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Produce to the people

| 31 Aug 2016 | 01:22

Attacking the twin beasts of food waste and hunger

By Becca Tucker

There comes a time in the summer, as many a home gardener knows, when you just can’t look at another zucchini. On a farm, that zucchini tsunami occurs on another scale entirely.

“These were picked Friday, brought to market Saturday,” said Jeff Bialis, of J&A Farm in the black dirt of Goshen, NY. Now it was Thursday, and hundreds of pounds of beautiful summer squash — green, yellow, striped — needed to go, to make room for the beans being picked at that moment.

“We do 350 different varieties of vegetables, and there’s always something coming in abundance,” said Bialis. “We can’t always sell it all at our markets.”

J&A Farm is one of the twenty-odd farms this season that are working with Stiles Najac, the force behind Cornell Cooperative Extension’s Gleaning Project. Before they hooked up with Cornell, Bialis either composted surplus veggies or fed them to his chickens (and anything that’s not in good shape still gets enjoyed by the laying flock).

For a small-scale farm like his, “Doing wholesale is not always worth it,” he said. “The idea of being able to give it to people that really need it, who can’t get to markets to get it or can’t afford it? It’s really satisfying.”

We were standing around at his 14-acre vegetable farm, waiting for Najac and her refrigerated truck, the Gleanmobile.

“Have you met Stiles?” Bialis asked.

Not yet.

“She’s always late,” he said. “And she’s giant. Like, six-two.”

Six-two indeed (I asked, later). And it’s a good thing; when Najac eventually pulled in, all smiles, it was immediately clear that a tiny person would not be a good choice for this job. Her truck was already three-quarters full of things that she’d moved into it that day, like squash, cucumbers and fava beans from a farm in Middletown, and four entire pallets of spinach from a packaging facility in Newburgh.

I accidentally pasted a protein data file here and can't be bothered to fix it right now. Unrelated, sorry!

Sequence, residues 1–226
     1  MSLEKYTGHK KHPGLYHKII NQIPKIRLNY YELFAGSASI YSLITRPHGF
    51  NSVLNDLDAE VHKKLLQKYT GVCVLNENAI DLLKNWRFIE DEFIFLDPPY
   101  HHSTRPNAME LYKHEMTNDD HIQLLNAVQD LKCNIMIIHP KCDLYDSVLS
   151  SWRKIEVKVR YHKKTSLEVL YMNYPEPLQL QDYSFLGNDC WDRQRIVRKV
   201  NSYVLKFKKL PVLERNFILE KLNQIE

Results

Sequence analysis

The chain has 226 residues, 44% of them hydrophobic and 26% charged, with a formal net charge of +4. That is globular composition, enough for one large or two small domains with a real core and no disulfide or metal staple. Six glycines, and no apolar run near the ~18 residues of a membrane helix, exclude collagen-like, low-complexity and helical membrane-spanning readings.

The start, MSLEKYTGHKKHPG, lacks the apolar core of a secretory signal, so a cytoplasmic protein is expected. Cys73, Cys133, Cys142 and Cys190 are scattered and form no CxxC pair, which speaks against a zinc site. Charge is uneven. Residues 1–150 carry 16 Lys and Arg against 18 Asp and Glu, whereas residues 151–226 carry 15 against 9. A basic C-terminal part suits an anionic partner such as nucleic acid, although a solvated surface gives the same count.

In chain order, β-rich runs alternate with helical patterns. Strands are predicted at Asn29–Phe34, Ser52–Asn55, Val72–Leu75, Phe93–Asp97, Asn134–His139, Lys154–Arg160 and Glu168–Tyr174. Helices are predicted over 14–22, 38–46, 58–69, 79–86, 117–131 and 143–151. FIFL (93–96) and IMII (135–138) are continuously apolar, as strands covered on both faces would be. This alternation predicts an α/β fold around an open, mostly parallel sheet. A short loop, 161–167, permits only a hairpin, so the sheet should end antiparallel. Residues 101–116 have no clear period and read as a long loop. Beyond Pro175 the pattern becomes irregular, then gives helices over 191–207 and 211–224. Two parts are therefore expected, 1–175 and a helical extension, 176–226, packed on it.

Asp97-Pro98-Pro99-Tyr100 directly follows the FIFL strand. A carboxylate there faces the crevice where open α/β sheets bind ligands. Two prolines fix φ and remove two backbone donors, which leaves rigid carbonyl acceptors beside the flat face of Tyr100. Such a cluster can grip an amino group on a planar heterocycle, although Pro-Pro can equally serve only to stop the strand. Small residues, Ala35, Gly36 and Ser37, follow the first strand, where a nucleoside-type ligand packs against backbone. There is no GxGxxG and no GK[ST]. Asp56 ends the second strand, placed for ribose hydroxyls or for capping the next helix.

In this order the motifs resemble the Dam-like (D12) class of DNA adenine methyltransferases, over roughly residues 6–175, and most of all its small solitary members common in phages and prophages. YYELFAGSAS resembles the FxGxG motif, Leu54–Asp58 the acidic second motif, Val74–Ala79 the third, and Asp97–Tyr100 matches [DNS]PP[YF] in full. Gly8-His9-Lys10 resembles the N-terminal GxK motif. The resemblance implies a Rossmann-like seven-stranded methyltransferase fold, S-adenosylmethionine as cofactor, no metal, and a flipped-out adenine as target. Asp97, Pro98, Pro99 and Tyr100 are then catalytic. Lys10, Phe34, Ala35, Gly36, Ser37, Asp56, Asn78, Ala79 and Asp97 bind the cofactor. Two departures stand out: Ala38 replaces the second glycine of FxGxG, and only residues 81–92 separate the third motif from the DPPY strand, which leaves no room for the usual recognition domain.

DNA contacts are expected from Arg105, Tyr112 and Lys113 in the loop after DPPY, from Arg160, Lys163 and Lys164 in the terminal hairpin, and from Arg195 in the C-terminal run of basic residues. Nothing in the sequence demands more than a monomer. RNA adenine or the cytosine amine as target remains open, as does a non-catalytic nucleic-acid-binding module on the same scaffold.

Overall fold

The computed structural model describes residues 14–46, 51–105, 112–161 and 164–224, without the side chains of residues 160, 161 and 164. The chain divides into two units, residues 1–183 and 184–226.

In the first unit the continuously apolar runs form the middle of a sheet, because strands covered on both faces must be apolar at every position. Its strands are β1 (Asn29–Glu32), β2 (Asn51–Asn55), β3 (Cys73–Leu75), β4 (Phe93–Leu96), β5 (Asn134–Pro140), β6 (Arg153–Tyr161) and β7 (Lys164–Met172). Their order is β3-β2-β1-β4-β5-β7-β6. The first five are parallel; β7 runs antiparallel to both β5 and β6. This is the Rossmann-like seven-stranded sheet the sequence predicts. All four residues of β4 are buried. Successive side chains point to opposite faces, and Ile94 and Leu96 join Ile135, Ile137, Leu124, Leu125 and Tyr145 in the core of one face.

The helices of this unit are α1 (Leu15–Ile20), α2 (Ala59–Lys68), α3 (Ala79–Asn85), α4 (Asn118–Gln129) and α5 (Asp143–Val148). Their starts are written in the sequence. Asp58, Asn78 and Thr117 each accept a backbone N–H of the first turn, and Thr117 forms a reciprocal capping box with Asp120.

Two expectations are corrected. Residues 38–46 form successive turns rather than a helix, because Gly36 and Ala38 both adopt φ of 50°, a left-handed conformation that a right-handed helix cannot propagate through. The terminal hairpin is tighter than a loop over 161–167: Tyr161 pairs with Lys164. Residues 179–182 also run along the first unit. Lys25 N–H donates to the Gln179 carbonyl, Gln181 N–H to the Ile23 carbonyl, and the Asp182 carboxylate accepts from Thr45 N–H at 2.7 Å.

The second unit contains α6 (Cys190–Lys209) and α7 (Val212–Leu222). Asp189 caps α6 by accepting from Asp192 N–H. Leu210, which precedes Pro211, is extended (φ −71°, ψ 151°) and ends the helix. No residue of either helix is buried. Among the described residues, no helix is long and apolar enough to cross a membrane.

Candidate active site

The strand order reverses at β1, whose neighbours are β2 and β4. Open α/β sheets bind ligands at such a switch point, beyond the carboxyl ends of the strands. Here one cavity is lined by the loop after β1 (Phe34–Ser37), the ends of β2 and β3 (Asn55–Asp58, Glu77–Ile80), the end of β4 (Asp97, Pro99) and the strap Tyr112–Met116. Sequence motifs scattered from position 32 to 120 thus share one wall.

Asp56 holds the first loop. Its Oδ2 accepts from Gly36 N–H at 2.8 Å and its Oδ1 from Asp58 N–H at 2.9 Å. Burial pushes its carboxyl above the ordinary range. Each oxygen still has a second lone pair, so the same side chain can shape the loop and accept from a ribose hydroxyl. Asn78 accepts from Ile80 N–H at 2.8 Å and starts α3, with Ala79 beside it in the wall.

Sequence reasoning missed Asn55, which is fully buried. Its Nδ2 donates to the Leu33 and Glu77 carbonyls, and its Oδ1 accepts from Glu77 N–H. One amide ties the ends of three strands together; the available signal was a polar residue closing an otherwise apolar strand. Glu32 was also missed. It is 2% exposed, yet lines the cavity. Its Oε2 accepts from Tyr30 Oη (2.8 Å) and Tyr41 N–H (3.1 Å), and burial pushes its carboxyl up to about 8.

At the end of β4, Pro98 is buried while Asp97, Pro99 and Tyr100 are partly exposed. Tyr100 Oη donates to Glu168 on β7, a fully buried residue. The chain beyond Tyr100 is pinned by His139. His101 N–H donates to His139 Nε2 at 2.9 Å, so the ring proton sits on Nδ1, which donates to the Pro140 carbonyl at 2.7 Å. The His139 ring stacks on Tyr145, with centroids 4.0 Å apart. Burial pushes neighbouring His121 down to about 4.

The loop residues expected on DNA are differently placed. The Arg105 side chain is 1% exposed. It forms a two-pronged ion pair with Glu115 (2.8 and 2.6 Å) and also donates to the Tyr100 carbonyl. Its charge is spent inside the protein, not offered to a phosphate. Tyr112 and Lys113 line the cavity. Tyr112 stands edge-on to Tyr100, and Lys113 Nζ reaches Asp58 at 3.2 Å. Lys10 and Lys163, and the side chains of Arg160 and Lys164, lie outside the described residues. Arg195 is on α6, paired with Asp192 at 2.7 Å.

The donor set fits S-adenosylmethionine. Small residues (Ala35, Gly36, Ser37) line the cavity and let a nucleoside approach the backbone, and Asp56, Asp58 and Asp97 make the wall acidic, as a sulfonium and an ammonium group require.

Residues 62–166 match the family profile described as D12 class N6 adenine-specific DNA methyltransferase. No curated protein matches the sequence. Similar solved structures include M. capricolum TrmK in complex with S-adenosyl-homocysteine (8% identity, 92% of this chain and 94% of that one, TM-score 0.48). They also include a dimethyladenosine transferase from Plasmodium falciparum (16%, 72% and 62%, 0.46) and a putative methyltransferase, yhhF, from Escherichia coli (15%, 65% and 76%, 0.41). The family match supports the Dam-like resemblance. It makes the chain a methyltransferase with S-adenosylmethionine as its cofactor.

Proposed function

“This stuff is in better shape than you could get at the grocery store,” she said. “I got some beautiful red leaf lettuce that just makes me weep it was so gorgeous.”

She put on her work gloves, hiked up her jeans and jumped up on the loading dock, where she got busy re-packing Bialis’ surplus— herbs, radishes, garlic scapes, lettuces and of course zucchini — into her own waxed cardboard boxes.

BYOB: bringing her own insulated boxes is crucial to making this system work, since they cost $2 and change a pop, said Najac. She just dropped a thousand bucks on boxes. If she didn’t bring her own, farmers couldn’t afford to donate. I looked to Bialis, who nodded his agreement.

“Want to see a trick?” Bialis asked Najac. Instead of carefully (read: slowly) dumping each box of zucchini, as she was doing, he set one of his boxes inside one of hers, opened it from the bottom and lifted his box off. Voila, a saver of precious seconds. Then Bialis headed off to the packing room to rinse freshly harvested radicchio, while Najac filled her truck.

“Farmers don’t have the time,” Najac said. “The reason the program is a success is a paid employee is putting in effort. We’re being paid to not forget, to focus on it.”

In its decade of existence, the Cornell Gleaning Project has grown from moving 70,000 pounds to a whopping 270,000 pounds of food a year. And it does so on a relative shoestring, moving food at less than a quarter of what it costs the food bank to do it. This year, a $170,000 grant from the Hudson Valley-based Dyson Foundation covers the three salaries of Najac and her seasonal assistants, the truck, insurance, boxes and fuel.

But no matter how much food the Gleanmobile diverts from the compost, it’s never enough. “Every year I get more donated,” said Najac. “And every year I fail to satisfy the needs” of the people who are, increasingly, depending on her.